Page last updated at 13:34 GMT, Saturday, 4 October 2008 14:34 UK

Anger over Tata car factory move

Mr Ratan Tata at the launch of Nano car
Mr Tata unveiled the car in January

Thousands of people have been protesting in the Indian state of West Bengal after the Tata group abandoned its plans to manufacture cars there.

Tata, one of India's leading industrial groups, had planned to make what it said would be the world's cheapest car, the Nano, at a factory in Singur.

But the project was disrupted by a row over land on which the plant was built.

Tata's decision to find an alternative location for the plant met with dismay from thousands of its supporters.

After weeks of sustained and sometimes violent protests, Tata announced on Friday that it would scrap the venture and shift production of the Nano elsewhere.

"You cannot run a plant when bombs are being thrown," said the firm's chairman, Ratan Tata. "You cannot run a plant when workers are being intimidated."

The plant was seen as a key part of efforts to regenerate what was once India's most industrialised state, but which is now one of its least developed.

This is a black day for Bengal
Industry Minister Nirupam Sen


Local supporters of Tata's West Bengal project were bitterly disappointed with the decision and thousands of them took to the streets around the plant.

Some were armed with sticks and iron bars and they blocked roads and disrupted traffic.

Among them were labourers and contractors who had hoped that the Tata factory would provide them with sustained employment.

They vowed to take on those who had opposed the plant, and effigies were burnt of the opposition leader, Mamata Banerji, who was a major force in the campaign against it.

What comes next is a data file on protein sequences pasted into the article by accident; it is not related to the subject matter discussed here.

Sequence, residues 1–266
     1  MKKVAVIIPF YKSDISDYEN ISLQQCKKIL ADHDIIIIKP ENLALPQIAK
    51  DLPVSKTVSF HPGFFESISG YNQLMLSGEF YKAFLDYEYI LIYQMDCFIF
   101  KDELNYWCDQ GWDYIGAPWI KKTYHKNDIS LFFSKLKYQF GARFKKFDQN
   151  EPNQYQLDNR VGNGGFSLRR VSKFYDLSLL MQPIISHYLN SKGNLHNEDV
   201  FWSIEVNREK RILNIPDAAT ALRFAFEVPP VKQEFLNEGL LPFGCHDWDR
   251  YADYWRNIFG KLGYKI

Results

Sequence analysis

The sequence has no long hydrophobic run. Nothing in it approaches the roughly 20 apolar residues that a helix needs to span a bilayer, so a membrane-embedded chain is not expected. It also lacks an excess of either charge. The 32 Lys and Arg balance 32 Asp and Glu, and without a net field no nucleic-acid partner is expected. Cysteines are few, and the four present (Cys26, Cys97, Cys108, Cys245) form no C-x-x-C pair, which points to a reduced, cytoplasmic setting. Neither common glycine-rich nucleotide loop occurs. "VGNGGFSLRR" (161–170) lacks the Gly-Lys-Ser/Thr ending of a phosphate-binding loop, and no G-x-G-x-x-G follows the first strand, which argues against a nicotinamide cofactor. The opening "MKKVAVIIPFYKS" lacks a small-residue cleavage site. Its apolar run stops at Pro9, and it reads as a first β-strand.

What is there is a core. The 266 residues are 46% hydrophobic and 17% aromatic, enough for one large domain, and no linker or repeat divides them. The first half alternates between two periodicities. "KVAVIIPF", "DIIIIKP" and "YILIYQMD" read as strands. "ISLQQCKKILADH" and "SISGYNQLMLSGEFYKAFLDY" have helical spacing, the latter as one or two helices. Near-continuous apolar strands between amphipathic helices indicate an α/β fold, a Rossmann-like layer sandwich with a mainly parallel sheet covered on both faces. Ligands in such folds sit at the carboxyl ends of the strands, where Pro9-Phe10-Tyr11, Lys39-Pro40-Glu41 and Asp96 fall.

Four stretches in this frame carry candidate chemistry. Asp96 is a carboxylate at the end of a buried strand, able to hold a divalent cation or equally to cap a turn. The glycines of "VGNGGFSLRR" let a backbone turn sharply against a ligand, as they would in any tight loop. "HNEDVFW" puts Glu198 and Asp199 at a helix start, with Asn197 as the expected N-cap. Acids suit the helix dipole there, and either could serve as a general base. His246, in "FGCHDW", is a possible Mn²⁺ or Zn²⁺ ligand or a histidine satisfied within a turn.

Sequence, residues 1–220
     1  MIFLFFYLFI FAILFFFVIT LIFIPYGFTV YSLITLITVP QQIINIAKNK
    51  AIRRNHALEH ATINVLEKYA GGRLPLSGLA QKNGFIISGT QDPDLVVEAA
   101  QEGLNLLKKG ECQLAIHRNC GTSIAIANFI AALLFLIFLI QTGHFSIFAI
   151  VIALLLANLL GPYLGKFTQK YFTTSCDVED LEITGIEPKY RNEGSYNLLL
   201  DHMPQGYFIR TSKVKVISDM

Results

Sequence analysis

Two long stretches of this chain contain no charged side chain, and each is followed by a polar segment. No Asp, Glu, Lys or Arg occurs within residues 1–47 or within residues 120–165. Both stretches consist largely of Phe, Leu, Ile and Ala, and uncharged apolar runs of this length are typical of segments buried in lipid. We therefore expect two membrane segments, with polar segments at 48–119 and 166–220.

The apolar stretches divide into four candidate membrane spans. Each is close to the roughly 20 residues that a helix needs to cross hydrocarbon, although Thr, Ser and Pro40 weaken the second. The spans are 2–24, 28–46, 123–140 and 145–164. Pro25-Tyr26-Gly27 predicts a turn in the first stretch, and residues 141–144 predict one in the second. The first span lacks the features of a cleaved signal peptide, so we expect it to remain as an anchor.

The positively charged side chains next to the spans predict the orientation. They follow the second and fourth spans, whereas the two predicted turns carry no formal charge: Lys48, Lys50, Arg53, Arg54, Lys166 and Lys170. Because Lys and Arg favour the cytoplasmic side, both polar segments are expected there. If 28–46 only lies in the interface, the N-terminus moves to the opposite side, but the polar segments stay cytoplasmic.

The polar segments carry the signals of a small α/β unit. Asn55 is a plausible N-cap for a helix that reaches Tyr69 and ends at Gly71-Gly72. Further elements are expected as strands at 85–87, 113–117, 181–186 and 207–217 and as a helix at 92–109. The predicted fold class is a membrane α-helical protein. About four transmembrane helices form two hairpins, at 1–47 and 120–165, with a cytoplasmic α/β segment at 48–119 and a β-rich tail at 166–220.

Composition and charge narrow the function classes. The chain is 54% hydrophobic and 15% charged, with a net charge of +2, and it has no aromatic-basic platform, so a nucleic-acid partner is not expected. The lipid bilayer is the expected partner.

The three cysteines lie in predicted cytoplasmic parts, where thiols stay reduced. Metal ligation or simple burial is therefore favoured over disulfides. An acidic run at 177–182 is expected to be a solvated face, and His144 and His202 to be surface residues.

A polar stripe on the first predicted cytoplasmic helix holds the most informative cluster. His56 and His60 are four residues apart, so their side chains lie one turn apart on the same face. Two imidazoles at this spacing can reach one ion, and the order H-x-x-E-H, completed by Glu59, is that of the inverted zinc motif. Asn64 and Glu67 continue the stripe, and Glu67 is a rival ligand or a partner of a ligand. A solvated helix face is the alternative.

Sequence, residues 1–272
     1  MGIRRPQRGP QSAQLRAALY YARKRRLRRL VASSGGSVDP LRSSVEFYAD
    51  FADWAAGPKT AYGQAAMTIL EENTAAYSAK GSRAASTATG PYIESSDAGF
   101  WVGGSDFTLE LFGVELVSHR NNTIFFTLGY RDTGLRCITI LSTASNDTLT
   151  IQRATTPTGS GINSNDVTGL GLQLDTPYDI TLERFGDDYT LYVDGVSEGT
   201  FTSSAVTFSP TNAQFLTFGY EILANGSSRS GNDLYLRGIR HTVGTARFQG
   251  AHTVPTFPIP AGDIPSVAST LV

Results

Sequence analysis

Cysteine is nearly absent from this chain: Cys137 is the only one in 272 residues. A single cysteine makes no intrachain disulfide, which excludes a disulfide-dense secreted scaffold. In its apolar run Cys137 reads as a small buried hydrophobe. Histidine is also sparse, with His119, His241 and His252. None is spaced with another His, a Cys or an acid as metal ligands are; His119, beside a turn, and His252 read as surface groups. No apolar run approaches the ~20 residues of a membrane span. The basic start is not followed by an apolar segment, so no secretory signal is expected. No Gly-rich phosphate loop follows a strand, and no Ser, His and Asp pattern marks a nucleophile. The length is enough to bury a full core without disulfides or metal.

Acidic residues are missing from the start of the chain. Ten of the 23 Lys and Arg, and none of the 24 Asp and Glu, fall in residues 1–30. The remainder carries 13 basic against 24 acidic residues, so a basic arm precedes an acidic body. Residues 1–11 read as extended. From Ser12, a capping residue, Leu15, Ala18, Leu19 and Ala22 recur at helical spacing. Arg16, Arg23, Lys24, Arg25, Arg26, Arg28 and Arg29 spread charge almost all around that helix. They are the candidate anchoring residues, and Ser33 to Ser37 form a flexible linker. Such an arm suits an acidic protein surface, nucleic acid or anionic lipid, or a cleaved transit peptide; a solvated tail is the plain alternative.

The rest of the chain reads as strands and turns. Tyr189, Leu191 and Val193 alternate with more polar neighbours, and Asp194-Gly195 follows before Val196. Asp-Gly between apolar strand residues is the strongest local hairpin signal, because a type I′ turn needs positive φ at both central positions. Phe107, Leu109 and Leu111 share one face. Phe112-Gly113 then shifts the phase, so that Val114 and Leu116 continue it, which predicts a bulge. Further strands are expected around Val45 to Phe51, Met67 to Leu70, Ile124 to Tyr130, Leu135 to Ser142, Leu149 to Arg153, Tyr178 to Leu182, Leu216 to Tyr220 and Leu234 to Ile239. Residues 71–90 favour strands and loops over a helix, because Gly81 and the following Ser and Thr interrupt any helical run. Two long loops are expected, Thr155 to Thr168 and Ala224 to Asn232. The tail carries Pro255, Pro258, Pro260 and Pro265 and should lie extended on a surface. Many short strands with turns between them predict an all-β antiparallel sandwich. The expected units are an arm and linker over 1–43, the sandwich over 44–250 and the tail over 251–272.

For her part Ms Banerji has accused Tata of conspiring with her political rivals to discredit her.

"We had stopped the agitation for more than a month, so why are the Tatas pulling out now?" she said.

Uncertain future

Meanwhile the state authorities have greeted the collapse of the project with dismay.

"This is a black day for Bengal," said the Industry Minister, Nirupam Sen. "We will have so much more difficulty getting investment now."

Local economists and others have expressed similar misgivings.

An editorial in the Indian Express newspaper talked of Tata's withdrawal as being a grave loss for West Bengal.

"A door to its future has just closed," it said.

Controversy over the project was seen as a reflection of wider tensions in India.

Efforts to acquire land for factories have run into opposition from farming communities in a number of places.

The battle over the site at Singur on the outskirts of Calcutta was particularly high-profile and seen as something of a test case.

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